Canterbury Park was bigger this summer, now it wants to be better

  • Article by: RACHEL BLOUNT , Star Tribune
  • Updated: September 16, 2013 - 1:35 AM

Canterbury Park achieved its goal of bigger fields; next up, attracting better horses.

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Heliskier (6) beat Desert Alley(1) at Canterbury Park earlier this month.

Photo: Richard Tsong-Taatarii/,

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By most measures, Mac Robertson enjoyed another stellar summer at Canterbury Park. As the Shakopee track ended its 69-day racing season Saturday, he already had wrapped up his ninth consecutive training title, and he had set a track record for the most purse money won in a single season.

Robertson, though, did not visit the winner’s circle as frequently as he has in his best seasons — and given what that meant for the track, it didn’t bother him in the least. “It definitely got tougher to win this year,” said Robertson, who won two races Saturday to finish with 51 victories. “That’s not necessarily good for me. But the more competitive it gets, that’s good for the track and for racing.”

Canterbury attracted more horses, more wagering, more spectators and more out-of-state interest in the second year of its $75 million, 10-year purse enhancement agreement with the Shakopee Mdewakanton Sioux Community. Each of the 10 races on Saturday’s final card included a hefty field of 10 or more horses, and an announced 12,160 fans turned out for the finale of Canterbury’s longest season since 2006.

The track’s average attendance of 6,656 and average live-racing handle of $546,532 were the highest since its reopening in 1995. It showed increases over last year in all handle categories — including a 32 percent spike in out-of-state betting on Canterbury races — and saw average total handle rise 16 percent to $687,856 per day. A capacity crowd of 1,594 horses pushed average field size to 8.36, the largest since 2003.

Canterbury Park President Randy Sampson said the track will offer at least 69 days of racing next year, when purses are scheduled to increase again. While he was pleased with the quantity of horses this summer, he hopes to see further upgrades in the quality as more horsemen learn about Canterbury’s reputation and rising purses.

“I’d say the meet was a success on pretty much all counts,” Sampson said. “We had a lot more horses and bigger fields, which was our No. 1 priority. And the quality was better, but we didn’t get as many new, good stables as we hoped for.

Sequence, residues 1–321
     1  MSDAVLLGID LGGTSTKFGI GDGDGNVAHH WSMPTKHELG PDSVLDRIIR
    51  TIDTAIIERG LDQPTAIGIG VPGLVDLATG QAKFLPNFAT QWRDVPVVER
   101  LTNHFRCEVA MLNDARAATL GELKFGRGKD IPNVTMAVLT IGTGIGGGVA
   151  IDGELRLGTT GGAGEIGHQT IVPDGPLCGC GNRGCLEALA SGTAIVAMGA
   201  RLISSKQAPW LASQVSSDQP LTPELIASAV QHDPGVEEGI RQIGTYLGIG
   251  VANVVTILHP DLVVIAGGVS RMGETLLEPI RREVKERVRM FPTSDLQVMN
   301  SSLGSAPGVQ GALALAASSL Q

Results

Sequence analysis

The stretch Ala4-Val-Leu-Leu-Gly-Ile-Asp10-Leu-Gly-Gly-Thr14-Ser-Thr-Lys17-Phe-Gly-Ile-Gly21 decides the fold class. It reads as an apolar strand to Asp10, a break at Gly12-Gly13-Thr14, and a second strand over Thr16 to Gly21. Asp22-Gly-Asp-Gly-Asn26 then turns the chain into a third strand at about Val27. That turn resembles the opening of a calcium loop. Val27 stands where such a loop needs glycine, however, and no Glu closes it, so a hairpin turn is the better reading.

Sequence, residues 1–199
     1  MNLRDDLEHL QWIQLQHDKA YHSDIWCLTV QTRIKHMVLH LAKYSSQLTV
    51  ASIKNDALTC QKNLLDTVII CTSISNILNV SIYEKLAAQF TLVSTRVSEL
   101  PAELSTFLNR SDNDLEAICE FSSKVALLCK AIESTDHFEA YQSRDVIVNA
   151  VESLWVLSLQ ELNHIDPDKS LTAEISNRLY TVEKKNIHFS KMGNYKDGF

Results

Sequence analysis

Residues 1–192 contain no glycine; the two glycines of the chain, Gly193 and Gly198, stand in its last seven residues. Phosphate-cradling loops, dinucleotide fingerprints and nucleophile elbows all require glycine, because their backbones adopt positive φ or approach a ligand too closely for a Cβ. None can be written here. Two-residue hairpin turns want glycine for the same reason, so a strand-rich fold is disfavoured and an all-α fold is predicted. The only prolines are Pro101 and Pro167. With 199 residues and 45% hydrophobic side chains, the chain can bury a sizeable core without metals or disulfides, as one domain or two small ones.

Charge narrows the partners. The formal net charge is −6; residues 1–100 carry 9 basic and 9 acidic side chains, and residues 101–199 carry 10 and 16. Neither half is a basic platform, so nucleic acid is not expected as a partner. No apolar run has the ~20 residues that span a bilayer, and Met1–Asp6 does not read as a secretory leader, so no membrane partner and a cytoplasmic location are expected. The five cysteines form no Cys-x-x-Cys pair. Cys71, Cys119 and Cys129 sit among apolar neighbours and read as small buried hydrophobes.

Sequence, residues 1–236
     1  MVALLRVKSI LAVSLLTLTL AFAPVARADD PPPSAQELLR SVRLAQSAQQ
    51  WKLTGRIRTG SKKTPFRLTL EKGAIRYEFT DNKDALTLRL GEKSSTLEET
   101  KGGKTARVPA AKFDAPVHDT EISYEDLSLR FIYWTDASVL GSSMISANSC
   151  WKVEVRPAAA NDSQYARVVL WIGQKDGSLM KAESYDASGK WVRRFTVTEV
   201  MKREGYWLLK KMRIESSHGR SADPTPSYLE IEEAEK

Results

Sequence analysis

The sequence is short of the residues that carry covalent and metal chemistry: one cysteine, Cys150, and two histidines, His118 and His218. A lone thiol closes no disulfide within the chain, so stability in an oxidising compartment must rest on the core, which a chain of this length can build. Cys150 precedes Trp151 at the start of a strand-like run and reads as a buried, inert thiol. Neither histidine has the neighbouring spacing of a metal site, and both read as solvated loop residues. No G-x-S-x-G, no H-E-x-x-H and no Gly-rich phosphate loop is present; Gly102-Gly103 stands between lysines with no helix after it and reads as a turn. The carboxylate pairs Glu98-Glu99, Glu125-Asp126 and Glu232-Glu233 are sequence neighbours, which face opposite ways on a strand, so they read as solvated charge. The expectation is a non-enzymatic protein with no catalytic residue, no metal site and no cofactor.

“We knew it would be hard to recruit a lot of new top stables, but we got a few, and we hope over time that will continue to pick up. We took a major step this year, and I think we’ll take another next year.”

Robertson won a Canterbury-record $1,340,429 in purses and 20 more races than Bernell Rhone and Mike Biehler, who tied for second with 31 victories each. Dean Butler withstood a late charge from Alex Canchari to win his fourth jockey title at Canterbury, with 67 victories to Canchari’s 65.

One of the new, high-quality stables — Midwest Thoroughbreds, which has led the nation in victories in each of the past three years — won the owners’ title with 28 victories. Heliskier was named Horse of the Year for the second consecutive season, joining Hoist Her Flag (1987, 1989) as Canterbury’s only two-time winner of the award.

The purse-enhancement agreement provided $5.3 million to the purse fund this season, pushing purses to nearly double what they were in 2011. Canterbury officials expected the extra money would lure more horses and that the larger fields would stimulate more wagering. Purses are scheduled to increase again next year, with $5.84 million coming from the tribal agreement.

Next week, Sampson will meet with horsemen to discuss how the 2014 season will look. He anticipates it will extend into mid-September again, while maintaining the Thursday through Sunday schedule and usual post times.

Robertson is thinking ahead, too. He said he has had calls from owners who have horses with big-name trainers at prominent tracks, who want to race at Canterbury next summer. That, he said, is another positive sign.

“They’re asking me to look for horses for them, to buy or claim for next year,” he said. “These people aren’t looking for $5,000 horses. They buy good horses. Over the next two or three years, I think the racing here will get better and better.”

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